Add hosts range “192.168.124.[81:83] ansible_ssh_user=root” to the
If you are really lazy, add “[Default] // host_key_checking = False” to your “~/.ansible.cfg” file
now ping the hosts, “ansible all -m ping”
pat yourself on the back, you’re done.
to show off:
touch all machines “ansible all -a “/bin/echo hello”
look at types of Linux “ansible all -a “uname -a”
Further integration work can make this even more powerful.
I’d like to see OpenCrowbar generate the Ansible inventory file from the discovery data and to map Ansible groups from deployments. Crowbar could also call Ansible directly to use playbooks or even do a direct hand-off to Tower to complete an install without user intervention.
The second video shows off the OpenCrowbar doing it’s deployment work (including setting up Docker nodes!). This demonstration goes through the new node discovery and install process. The new annealing process is very transparent and gives clear and immediate feedback about the entire discovery and provisioning process. I also show how to configure networks (IPv4 and IPv6) and choose which operating system gets installed.
Note: In the videos, I demonstrate using our Docker install process. Part of moving from Crowbar v2 (in the original Crowbar repo) to OpenCrowbar was so that we could also organize the code for an RPM install. In either install process, OpenCrowbar no longer uses bloated ISOs with all components pre-cached so you must be connected to the Internet to complete the installation.
My wife found this great Upworthy video about rushing kills creativity. Showing my true software process geek, I realized that it would be misinterpreted that faster releases left less room for creativity. Nothing could be farther from the truth…here’s my first video blog!
“Double wide” is not a term I’ve commonly applied to servers, but that’s one of the cool things about this new class of servers that Dell, my employer, started shipping today.
My team has been itching for the chance to start cloud and big data reference architectures using this super dense and flexible chassis. You’ll see it included in our next Apache Hadoop release and we’ve already got customers who are making it the foundation of their deployments (Texas Adv Computing Center case study).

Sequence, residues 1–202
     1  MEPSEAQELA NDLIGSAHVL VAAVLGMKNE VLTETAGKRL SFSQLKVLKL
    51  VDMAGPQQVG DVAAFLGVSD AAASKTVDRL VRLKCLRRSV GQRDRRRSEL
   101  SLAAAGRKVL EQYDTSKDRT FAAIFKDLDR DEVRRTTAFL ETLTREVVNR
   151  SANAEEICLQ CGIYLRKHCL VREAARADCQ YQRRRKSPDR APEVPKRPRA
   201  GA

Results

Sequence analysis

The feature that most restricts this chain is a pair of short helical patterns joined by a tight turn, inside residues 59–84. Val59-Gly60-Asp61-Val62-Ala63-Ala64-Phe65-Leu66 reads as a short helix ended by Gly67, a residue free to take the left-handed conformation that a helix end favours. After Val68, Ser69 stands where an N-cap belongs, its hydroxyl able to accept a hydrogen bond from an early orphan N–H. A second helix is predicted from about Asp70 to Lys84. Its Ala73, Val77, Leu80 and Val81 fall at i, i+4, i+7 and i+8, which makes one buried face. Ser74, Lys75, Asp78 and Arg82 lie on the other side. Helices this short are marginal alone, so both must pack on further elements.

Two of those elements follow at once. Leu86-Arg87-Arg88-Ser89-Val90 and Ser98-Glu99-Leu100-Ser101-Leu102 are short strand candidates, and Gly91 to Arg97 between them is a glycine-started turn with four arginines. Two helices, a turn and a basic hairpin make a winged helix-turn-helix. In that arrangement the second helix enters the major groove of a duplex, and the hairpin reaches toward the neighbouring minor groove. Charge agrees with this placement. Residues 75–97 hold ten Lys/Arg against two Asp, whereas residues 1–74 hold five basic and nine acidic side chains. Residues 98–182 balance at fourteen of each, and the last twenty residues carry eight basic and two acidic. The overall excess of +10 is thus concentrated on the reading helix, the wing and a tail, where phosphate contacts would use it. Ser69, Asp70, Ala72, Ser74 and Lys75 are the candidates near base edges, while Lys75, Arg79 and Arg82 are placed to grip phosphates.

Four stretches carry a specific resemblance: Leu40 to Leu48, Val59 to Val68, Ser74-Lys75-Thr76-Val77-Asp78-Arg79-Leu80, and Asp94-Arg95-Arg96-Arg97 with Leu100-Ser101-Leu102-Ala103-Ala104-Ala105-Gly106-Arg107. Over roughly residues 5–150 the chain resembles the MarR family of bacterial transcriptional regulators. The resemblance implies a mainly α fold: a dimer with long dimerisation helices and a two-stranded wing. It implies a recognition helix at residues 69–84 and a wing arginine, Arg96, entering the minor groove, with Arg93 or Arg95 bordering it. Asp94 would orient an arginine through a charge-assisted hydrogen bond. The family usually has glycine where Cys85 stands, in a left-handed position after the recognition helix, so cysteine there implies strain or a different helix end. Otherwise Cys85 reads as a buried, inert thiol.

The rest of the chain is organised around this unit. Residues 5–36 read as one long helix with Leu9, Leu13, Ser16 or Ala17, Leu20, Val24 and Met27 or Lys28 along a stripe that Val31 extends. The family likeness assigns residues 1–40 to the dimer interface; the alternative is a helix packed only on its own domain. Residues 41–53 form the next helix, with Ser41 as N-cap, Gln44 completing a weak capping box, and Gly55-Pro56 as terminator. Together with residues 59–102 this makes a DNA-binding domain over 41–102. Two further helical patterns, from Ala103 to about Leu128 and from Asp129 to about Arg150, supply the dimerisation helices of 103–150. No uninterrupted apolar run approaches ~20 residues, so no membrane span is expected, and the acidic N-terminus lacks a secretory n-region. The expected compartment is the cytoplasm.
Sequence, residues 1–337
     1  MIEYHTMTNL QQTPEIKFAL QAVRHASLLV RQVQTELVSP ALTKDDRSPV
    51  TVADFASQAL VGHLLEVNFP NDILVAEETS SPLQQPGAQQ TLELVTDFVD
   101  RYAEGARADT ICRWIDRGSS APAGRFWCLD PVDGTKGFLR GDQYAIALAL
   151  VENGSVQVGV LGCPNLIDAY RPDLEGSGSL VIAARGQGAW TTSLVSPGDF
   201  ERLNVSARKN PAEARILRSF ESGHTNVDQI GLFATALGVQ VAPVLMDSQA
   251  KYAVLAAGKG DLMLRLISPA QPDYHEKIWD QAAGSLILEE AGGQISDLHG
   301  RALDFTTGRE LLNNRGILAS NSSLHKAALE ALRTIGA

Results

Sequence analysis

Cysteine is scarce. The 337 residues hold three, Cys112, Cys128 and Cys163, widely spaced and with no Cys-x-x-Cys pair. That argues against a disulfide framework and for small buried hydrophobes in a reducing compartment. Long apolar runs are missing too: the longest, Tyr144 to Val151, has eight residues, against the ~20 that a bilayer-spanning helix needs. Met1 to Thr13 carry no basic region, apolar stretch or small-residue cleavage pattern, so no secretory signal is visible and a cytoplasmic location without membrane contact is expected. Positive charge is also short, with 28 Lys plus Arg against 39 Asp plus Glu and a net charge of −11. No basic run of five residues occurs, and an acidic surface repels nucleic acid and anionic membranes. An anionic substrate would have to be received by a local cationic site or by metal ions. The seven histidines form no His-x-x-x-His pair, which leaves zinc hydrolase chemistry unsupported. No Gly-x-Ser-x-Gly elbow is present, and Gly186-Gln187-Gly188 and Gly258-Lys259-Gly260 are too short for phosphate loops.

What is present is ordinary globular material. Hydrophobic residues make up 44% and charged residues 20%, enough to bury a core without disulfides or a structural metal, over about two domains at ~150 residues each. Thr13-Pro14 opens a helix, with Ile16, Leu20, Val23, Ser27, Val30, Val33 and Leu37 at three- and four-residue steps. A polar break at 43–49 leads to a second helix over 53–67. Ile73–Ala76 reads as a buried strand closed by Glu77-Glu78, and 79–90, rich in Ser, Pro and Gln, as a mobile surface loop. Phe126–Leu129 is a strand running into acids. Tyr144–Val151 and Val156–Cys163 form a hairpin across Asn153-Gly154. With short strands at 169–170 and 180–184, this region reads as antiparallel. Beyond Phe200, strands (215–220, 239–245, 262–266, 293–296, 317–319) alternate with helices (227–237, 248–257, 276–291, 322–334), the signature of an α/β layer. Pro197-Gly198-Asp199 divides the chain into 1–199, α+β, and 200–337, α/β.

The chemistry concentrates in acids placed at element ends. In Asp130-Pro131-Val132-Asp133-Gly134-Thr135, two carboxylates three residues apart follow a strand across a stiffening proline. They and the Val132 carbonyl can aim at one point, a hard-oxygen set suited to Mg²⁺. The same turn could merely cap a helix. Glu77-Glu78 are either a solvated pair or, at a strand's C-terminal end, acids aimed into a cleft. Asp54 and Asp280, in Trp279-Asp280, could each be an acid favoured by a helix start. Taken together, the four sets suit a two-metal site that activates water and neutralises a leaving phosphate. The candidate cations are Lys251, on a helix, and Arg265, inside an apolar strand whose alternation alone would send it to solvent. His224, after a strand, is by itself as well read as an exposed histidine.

If you’re tracking the latest big data & cloud hardware then the Dell PowerEdge C8000 is worth some investigation.
Basically, the Dell C8000 is a chassis that holds a flexible configuration of compute or storage sleds. It’s not a blade frame because the sleds minimize shared infrastructure. In our experience, cloud customers like the dedicated i/o and independence of sleds (as per the Bootstrapping clouds white paper). Those attributes are especially well suited for Hadoop and OpenStack because they support a “flat edges” and scale out design. While i/o independence is valued, we also want shared power infrastructure and density for efficiency reasons. Using a chassis design seems to capture the best of both worlds.
The novelty for the Dell PowerEdge C8000 is that the chassis are scary flexible. You are not locked into a pre-loaded server mix.
There are a plethora of sled choices so that you can mix choices for power, compute density and spindle counts. That includes double-wide sleds positively brimming with drives and expanded GPU processers. Drive density is important for big data configurations that are disk i/o hungry; however, our experience is the customer deployments are highly varied based on the planned workload. There are also significant big data trends towards compute, network, and balanced hardware configurations. Using the C8000 as a foundation is powerful because it can cater to all of these use-case mixes.
Last week, my team at Dell led a world-wide OpenStack Essex Deploy event. Kamesh Pemmaraju, our OpenStack-powered solution product manager, did a great summary of the event results (200+ attendees!). What started as a hack-a-thon for deploy scripts morphed into a stunning 14+ hour event with rotating intro content and an ecosystem showcase (videos). Special kudos to Kamesh, Andi Abes, Judd Maltin, Randy Perryman & Mike Pittaro for leadership at our regional sites.
Clearly, OpenStack is attracting a lot of interest. We’ve been investing time in content to help people who are curious about OpenStack to get started.
On that measure, we have room for improvement. We had some great discussions about how to handle upgrades and market drivers for OpenStack; however, we did not spend the time improving Essex deployments that I was hoping to achieve. I know it’s possible – I’ve talked with developers in the Crowbar community who want this.